The good news for school libraries is that the implementation of the Common Core State Standards mean fundamental changes in school libraries. We get to keep doing what we’ve been doing with some little tweaks. The great news is that the CCSS will actually help put school libraries back into the spotlight in education, which, as mentioned in past blog posts, is not where we’ve been in many schools over the past few years. Students are being asked to think more deeply, and deep thinking questions are difficult to formulate and difficult to answer. Part of our job is to help teachers and students explore ways to develop better questions, a skill that's challenging both to teach and to learn.
Things school librarians will be doing as the CCSS are implemented include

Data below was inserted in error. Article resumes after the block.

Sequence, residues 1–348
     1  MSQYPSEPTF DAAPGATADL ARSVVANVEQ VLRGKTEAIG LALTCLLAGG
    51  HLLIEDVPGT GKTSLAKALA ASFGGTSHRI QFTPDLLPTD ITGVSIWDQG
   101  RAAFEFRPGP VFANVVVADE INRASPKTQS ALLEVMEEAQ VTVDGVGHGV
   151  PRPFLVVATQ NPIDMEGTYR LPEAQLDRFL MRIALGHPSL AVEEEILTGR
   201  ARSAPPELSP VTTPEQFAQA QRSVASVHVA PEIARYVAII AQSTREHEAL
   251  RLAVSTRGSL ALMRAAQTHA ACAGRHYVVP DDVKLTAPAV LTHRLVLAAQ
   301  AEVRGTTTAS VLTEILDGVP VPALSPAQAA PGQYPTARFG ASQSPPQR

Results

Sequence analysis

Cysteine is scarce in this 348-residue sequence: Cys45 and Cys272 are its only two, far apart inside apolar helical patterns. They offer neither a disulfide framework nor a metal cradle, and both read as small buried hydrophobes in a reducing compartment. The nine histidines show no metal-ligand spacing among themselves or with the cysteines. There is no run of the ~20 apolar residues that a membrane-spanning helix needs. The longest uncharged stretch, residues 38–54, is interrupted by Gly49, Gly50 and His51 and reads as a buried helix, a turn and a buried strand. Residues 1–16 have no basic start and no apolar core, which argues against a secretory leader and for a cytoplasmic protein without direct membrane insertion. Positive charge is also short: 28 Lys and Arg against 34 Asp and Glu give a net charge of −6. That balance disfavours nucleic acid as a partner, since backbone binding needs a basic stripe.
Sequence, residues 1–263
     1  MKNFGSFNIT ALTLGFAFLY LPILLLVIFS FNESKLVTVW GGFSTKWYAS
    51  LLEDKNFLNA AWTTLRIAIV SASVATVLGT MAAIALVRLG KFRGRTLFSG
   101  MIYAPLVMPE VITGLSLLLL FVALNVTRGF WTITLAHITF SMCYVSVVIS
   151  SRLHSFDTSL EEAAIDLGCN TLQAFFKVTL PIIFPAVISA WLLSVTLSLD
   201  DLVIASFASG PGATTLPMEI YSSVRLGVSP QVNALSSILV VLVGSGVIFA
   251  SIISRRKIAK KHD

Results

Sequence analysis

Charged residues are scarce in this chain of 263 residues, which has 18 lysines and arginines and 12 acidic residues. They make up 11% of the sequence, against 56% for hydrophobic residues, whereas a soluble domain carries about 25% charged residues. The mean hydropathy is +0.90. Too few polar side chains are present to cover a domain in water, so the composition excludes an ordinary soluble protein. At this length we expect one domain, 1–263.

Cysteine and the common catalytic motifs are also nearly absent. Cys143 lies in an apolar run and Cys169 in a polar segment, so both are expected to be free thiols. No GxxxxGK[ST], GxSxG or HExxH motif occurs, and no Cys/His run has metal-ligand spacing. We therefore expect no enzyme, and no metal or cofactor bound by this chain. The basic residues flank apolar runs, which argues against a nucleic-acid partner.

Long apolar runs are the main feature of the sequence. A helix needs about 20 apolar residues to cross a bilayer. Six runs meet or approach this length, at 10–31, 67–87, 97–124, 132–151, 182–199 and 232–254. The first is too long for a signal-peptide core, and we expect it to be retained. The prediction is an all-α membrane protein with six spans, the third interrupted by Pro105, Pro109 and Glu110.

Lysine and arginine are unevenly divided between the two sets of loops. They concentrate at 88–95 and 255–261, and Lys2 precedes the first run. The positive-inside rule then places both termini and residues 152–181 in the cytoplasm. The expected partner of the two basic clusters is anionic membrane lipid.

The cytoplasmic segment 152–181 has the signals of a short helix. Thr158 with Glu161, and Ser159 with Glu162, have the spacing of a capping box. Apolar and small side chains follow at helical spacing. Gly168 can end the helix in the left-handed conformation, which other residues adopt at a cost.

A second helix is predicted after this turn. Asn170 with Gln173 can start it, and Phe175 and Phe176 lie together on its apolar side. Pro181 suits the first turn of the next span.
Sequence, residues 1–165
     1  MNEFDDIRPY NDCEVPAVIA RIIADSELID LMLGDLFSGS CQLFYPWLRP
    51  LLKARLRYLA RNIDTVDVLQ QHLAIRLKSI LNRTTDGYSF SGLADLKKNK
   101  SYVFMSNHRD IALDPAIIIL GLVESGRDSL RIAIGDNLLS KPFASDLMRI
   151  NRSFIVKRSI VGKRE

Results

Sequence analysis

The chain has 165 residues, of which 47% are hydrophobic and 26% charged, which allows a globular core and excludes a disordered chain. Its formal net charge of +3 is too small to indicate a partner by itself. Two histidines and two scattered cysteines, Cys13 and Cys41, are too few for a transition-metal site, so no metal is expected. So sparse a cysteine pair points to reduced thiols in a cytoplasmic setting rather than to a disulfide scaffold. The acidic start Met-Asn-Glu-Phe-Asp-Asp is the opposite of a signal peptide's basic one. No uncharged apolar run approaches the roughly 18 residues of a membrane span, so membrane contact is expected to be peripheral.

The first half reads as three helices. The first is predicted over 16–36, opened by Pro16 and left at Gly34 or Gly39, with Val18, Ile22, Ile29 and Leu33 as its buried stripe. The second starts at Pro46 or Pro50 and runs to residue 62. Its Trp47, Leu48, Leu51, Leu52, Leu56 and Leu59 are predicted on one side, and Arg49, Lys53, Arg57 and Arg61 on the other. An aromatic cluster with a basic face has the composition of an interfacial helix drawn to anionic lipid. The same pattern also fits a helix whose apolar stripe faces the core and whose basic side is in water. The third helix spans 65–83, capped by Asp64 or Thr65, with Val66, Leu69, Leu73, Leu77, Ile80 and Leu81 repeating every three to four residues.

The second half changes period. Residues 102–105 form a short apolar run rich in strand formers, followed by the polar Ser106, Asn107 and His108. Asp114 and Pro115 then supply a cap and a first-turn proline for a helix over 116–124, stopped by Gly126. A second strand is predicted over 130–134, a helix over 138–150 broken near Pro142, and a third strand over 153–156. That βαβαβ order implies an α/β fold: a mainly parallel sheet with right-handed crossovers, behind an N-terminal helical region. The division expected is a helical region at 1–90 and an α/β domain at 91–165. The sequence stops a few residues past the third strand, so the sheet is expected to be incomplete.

• Finding materials to supplement the curriculum, particularly primary source documents
• Updating collections, many of which fall short in up-to-date, nonfiction materials
• Working with teachers to plan and design projects and lessons that will help students meet the CCSS
• Teaching teachers and students to access research materials in databases
• Co-teaching research strategies
• Helping teachers and students develop and apply inquiry based thinking approaches
The American Association of School Librarians has created a database of lesson plans that integrate our own Standards for the 21st Century Learner but which are all crosswalked with the Common Core Standards as well, and those are open to anyone. Lessons can be searched by grade and/or subject area. I’d encourage you to take a look, and then ask your school librarian to partner with you on implementing one of the lessons. I can guarantee he or she will be very impressed!